Almost 40% of Europeans believe that financial support for farmers from the European Union is “too low” and 56% want to see payments increase over the next decade, according to a new survey.
During February and March this year, Eurobarometer was commissioned by the European Commission to seek the views of over 26,500 people in 27 EU member states.
The survey, which included interviews with just over 1,000 people in Ireland, focuses on public opinion on agriculture and the Common Agricultural Policy (CAP).
Overall, 60% of survey respondents felt that agriculture and rural areas are ‘very important’ to the future of the EU. Almost three quarters of Irish respondents ranked both as ‘very important’.
Half of people, both overall and among the Irish interviewees, ranked providing safe, healthy and sustainable food of high quality among the top two responsibilities of farmers.
Around 30% said farmers have a responsibility to ensure the welfare of farmed animals.
Respondents ranked farmers’ responsibility to secure a stable food supply in the EU (26% overall and 35% among Irish respondents) at all times above protecting the environment and tackling climate change (24% overall and 20% in Ireland).
A majority of Europeans believe that the level of food security has stayed the same or increased in the past decade. 54% feel that climate change and extreme weather events are the biggest risks to food security.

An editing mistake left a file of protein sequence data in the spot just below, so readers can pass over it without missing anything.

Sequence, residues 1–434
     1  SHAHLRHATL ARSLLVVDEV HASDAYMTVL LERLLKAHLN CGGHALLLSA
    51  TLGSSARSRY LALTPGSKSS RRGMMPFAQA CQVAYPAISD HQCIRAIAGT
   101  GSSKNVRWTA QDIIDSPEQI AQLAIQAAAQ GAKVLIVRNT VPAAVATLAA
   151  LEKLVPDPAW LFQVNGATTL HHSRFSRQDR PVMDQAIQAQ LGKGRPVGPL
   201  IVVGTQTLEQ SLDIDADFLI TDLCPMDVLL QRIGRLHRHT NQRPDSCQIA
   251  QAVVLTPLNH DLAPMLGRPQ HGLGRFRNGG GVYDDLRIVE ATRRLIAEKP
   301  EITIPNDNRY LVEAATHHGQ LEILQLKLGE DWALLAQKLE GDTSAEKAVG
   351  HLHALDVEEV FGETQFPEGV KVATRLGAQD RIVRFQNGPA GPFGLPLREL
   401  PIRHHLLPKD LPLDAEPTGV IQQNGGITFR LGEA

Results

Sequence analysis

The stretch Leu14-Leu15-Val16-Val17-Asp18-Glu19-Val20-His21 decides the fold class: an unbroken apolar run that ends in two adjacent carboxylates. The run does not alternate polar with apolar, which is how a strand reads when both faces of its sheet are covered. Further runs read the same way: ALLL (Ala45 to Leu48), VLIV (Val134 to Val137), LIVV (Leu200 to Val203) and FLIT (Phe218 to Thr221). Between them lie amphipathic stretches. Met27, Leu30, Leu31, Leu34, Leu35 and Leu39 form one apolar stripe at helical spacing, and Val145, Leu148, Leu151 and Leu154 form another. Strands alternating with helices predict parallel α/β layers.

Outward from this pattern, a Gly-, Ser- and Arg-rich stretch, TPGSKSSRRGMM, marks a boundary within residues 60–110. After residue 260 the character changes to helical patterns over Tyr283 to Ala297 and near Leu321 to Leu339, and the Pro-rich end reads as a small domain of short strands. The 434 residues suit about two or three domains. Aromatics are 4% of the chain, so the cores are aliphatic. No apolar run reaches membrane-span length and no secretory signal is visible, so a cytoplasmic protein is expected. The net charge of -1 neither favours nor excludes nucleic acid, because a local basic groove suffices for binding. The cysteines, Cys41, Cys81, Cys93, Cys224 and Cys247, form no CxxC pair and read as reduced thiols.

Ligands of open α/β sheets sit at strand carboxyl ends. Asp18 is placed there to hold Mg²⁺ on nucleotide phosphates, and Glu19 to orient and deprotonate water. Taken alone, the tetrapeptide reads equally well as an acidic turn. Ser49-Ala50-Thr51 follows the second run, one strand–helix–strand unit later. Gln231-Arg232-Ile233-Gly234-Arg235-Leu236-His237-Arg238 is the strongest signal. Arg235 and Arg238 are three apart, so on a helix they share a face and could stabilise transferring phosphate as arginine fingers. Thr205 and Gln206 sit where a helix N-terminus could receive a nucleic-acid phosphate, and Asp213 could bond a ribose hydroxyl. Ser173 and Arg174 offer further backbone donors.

However, almost 70% (67% overall and 68% in Ireland) believe that EU farmers need to change the way they work in order to fight climate change, even if that means EU agriculture will be less competitive.
Around 60% of respondents said that they would be willing to pay 10% more for agricultural products that are produced in a way that limits their carbon footprint.
A similar amount of people believe that agriculture has already made a major contribution in tackling climate change.
Around 40% of respondents agreed that agriculture is one of the major causes of climate change.
Seven in ten respondents were aware of the supports provided by the EU to farmers through CAP. However, 61% said they “didn’t really know the details”.
In Ireland, almost 75% of respondents were aware of CAP, with 55% unclear of the finer points. 26% had never heard of CAP.
Over three quarters of respondents agreed that CAP benefits all EU citizens and not just farmers.
Nearly half of the Europeans surveyed thought that securing a stable supply of food in the EU at all times should be a main objective of CAP.
55% felt that the CAP should also contribute to ensuring reasonable food prices for consumers.
39% of respondents believe that the EU financial support given to farmers is “too low”, 9% said it was “too high” with 46% feeling it was “about right”.
56% would like to see an increase in EU funding given to farmers over the next decade, 28% want it to remain unchanged, while 11% want a decrease in payments.
Over nine in ten Europeans are in favour of the EU continuing to subsidise farmers for carrying out agricultural practices which are beneficial to the climate and environment.
When it came to agricultural imports, 87% said items should only enter the EU if production has complied with the EU’s environmental and animal welfare standards.
Over 60% felt that trade deals between the EU and other countries has been positive both for them as consumers and for EU agriculture.
87% said that food products being part of a short supply chain is an important factor in their decision to buy.